In 1909, someone thought it might be a good idea to build grain elevators on Deadmans Island. Park Board turned the idea down.
Category Archives: History
The Methodist church was the first to minister to the Chinese community in Canada, there was a mission school in 1876 in Victoria and in Vancouver in 1888. From its original Hastings Street location the Mission moved to a purpose built building on Carrall at Dupont (Pender) Street in 1889. The illustration is one of the few that show the full building. It is from a booklet published in 1900 by the architecture firms of Parr and Fee, W. T. Dalton, R. Mackay Fripp, William Blackmore and G. W. Grant. In the booklet, Parr and Fee take credit for the design, though it may only be for the addition. Thomas Hooper receives the credit in earlier newspaper reports.
The Mission faced Carrall Street and only lasted until 1907 when it was demolished and replaced by the Pekin Restaurant, better known as the Pekin Chop Suey House and home to the Chinese Freemasons.
In 1908, Recreation Park at the corner of Smithe and Homer played host to the circus. The banners advertise such side show attractions as Mungo, a Maori Chief, The Randalls, champion sharpshooters and the intriguing sounding William Doss, the Human Telescope.
Here’s a 1902 New York Times article describing Mr Doss’ abilities: “Wille Doss, the Human Telescope who can stretch himself nearly 18 inches, was standing beside one of the giraffes and created a great source of amusement when he stretched his neck 2 inches higher than the giraffe’s two peaky looking little ears. The giraffe was so mortified at being beaten in such a contest that he refused to eat any supper.”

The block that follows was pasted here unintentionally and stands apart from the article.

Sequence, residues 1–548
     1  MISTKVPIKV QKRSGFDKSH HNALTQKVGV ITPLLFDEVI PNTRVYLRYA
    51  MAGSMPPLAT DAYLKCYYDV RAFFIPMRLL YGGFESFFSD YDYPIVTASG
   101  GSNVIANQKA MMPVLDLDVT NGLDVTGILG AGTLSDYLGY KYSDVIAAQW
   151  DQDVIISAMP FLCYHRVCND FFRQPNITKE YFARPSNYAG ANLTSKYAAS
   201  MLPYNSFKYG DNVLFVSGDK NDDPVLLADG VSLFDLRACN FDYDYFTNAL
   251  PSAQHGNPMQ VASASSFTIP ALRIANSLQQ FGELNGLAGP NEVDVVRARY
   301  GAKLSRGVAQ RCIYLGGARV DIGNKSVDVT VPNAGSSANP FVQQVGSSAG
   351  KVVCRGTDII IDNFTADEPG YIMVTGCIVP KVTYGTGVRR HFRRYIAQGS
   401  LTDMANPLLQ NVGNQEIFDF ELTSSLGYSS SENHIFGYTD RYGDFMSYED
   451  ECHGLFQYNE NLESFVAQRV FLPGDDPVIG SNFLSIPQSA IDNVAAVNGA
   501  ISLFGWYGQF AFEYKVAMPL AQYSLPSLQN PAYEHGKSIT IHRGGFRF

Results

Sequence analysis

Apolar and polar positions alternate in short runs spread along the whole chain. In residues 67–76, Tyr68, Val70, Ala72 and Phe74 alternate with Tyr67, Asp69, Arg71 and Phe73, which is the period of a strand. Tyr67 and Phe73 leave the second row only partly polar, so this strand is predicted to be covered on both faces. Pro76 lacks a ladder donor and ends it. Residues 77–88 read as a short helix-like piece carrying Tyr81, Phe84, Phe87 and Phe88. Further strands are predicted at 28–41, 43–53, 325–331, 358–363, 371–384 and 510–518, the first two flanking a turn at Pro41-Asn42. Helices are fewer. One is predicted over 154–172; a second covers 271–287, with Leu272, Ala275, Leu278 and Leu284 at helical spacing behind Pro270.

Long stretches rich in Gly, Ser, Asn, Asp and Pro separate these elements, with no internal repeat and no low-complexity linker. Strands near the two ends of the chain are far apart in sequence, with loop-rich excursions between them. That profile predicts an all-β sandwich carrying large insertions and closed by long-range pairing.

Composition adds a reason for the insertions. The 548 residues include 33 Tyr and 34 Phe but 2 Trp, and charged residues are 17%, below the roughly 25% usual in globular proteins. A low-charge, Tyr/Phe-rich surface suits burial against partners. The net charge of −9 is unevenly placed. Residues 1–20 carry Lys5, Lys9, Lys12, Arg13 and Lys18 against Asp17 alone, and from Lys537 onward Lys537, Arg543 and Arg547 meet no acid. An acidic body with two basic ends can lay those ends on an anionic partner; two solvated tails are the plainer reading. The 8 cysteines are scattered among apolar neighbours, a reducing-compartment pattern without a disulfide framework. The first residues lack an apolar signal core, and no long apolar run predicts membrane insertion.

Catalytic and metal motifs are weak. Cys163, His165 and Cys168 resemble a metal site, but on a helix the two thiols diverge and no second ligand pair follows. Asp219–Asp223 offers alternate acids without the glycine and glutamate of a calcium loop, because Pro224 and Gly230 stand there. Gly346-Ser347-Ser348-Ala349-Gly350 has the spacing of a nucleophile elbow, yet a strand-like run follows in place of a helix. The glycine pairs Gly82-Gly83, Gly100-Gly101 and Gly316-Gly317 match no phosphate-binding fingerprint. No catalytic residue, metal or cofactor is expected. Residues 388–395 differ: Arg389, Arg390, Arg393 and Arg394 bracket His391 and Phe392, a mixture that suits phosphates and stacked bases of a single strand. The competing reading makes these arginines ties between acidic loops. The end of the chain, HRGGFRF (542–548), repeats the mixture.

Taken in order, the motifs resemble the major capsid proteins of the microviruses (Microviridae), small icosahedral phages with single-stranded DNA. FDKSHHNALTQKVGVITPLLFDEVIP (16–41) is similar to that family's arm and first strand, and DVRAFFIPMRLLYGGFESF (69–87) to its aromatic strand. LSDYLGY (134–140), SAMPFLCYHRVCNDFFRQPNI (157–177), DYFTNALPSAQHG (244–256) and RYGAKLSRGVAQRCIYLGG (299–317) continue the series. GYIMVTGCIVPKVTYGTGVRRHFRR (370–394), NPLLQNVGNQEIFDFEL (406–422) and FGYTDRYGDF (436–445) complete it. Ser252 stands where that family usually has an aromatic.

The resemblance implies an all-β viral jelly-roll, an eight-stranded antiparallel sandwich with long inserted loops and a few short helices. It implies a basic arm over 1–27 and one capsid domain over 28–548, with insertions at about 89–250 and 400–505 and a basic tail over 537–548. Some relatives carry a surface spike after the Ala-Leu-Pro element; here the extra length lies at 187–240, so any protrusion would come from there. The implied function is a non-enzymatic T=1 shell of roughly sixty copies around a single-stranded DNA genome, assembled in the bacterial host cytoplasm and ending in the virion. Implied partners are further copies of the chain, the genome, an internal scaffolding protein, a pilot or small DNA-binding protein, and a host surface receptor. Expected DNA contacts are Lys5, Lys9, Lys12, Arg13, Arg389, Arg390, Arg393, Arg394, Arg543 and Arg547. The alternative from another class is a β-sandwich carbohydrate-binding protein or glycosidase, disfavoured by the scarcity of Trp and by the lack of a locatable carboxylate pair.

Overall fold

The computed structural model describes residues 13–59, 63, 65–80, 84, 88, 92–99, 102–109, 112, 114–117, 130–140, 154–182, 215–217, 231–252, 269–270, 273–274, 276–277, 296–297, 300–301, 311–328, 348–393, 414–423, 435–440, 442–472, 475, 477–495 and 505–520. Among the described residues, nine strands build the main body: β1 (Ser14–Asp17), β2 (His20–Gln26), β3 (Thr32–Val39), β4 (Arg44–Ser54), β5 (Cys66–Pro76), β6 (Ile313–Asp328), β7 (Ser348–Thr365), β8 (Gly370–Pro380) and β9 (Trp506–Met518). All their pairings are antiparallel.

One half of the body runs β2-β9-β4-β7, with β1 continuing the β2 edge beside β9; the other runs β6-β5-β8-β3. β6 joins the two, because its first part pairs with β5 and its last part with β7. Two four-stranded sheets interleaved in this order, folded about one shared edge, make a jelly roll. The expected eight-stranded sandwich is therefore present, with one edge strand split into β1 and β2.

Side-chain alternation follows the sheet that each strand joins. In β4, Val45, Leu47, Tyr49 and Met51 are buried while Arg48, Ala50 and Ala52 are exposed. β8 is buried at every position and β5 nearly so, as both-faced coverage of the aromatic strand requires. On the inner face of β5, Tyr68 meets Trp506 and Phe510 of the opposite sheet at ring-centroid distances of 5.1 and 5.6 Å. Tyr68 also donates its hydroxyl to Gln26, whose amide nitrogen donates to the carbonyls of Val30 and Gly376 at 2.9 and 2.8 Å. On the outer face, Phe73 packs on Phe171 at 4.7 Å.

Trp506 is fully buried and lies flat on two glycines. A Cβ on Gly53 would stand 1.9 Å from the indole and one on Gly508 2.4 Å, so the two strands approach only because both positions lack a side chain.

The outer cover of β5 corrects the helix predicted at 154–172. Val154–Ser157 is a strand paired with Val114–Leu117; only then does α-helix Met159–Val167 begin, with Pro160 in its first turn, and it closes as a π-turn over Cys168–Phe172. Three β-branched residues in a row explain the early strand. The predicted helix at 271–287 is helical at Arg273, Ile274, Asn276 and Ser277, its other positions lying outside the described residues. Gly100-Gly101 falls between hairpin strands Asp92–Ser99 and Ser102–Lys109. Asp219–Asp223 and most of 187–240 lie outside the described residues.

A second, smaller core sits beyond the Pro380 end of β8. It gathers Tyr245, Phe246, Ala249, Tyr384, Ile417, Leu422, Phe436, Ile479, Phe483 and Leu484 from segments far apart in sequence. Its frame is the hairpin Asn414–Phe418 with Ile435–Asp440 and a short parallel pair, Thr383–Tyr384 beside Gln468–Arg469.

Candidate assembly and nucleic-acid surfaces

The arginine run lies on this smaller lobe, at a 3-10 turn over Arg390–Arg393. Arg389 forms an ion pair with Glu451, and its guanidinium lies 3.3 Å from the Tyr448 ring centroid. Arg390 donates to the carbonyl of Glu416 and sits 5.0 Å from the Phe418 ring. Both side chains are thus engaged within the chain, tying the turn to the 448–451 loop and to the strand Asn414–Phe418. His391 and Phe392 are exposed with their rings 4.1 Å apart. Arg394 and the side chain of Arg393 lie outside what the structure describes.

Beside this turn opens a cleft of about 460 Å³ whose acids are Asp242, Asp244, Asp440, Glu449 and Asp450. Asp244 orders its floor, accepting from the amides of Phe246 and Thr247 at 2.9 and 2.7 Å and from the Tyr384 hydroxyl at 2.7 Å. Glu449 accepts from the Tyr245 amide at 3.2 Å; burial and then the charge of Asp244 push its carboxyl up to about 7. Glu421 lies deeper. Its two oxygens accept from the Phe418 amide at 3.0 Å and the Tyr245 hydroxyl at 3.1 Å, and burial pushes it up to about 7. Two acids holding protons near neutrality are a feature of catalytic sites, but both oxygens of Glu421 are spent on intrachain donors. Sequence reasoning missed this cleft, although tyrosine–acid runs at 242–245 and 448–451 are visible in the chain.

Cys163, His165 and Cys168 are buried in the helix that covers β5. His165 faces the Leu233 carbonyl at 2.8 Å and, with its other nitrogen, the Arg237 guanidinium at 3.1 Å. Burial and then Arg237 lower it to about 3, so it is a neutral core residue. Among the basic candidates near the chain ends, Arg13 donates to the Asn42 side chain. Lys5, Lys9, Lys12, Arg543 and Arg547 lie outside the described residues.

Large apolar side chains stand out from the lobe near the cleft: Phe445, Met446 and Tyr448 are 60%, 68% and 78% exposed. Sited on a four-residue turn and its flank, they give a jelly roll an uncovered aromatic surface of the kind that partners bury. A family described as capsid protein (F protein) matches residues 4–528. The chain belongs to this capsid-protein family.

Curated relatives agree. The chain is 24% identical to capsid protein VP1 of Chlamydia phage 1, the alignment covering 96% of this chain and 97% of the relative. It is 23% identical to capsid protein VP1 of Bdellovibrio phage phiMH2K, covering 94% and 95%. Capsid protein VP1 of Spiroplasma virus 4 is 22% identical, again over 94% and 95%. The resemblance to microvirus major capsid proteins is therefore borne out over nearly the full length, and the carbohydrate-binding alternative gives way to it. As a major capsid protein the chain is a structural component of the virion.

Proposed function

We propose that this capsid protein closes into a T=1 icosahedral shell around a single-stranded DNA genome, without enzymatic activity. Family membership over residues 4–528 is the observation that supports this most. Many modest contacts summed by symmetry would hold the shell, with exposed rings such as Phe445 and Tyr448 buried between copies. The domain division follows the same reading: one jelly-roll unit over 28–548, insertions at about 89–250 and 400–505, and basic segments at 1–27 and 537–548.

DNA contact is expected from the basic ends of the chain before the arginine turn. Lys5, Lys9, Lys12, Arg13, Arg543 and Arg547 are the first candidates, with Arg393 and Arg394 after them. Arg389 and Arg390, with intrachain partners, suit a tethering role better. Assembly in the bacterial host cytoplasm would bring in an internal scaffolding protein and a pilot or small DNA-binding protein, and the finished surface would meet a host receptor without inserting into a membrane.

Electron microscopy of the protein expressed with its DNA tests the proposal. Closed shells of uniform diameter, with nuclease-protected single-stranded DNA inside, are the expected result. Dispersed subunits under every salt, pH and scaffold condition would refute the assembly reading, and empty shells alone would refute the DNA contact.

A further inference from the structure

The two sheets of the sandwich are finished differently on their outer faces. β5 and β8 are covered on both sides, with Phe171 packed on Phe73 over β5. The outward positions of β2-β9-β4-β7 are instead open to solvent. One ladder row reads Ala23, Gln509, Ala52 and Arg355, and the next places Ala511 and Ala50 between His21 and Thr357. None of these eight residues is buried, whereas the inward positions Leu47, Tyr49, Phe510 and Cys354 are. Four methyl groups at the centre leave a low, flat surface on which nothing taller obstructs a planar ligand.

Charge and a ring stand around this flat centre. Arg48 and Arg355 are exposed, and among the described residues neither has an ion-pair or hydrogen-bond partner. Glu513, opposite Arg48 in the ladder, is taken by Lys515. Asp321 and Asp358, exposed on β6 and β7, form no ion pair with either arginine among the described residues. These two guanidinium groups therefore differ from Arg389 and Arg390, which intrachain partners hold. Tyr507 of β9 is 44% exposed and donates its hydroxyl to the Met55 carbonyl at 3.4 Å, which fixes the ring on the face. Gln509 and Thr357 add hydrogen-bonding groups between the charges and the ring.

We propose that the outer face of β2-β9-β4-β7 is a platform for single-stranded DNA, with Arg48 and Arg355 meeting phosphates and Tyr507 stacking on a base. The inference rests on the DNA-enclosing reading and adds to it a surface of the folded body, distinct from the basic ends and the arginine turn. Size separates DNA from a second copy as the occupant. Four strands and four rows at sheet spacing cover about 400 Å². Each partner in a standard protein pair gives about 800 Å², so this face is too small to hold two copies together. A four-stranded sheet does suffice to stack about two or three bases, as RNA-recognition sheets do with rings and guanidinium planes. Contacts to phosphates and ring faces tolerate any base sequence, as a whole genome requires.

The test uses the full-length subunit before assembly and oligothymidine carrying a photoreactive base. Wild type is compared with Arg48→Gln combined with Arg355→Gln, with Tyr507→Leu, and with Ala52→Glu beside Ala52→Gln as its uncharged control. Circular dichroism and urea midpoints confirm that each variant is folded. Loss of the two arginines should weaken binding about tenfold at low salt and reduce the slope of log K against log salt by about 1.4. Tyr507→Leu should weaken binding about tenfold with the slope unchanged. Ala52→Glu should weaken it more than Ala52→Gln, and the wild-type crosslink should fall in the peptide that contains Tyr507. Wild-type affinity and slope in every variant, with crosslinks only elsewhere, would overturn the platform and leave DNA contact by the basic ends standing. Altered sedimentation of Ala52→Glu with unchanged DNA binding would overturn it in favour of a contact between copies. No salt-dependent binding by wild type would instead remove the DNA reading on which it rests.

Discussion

Doss entertained people in over 20 countries and made his home in Chicago like many circus performers.
Note that whoever painted the banner spelt Doss’ name wrong.
Vancouver Archives photo CVA 677-388
Looking at an early photograph of the Byrnes Block on Maple Tree Square and I’m interested to see the date on the pediment, 1887. A shot from the early 2000′s shows an earlier date… somewhere along the line I guess the clocks were wound back… and then the recent restoration put the clocks forward a year…
Vancouver Archives: CVA 99-4761
My colleague Andy Coupland found this mislabelled post card the other day. The station was tracked down in Quebec City as seen in the colour shot from the 1960s . http://www.canadianrailwayobservations.com/jan2012via.htm.
This image appeared on Ebay many months ago and it was described as a Chinatown funeral in Vancouver c.1900, but I couldn’t place the location. But behind the crowd in the window of the corner storefront is a sign for the Opera Resort, this puts it at the south east corner of Carrall and Pender looking south along Carrall.
The shed in the background of the top photo might be Hart’s Opera House, where the saloon takes its name. A couple of storefronts over from the saloon was one of just two opium factories found in Chinatown in 1900.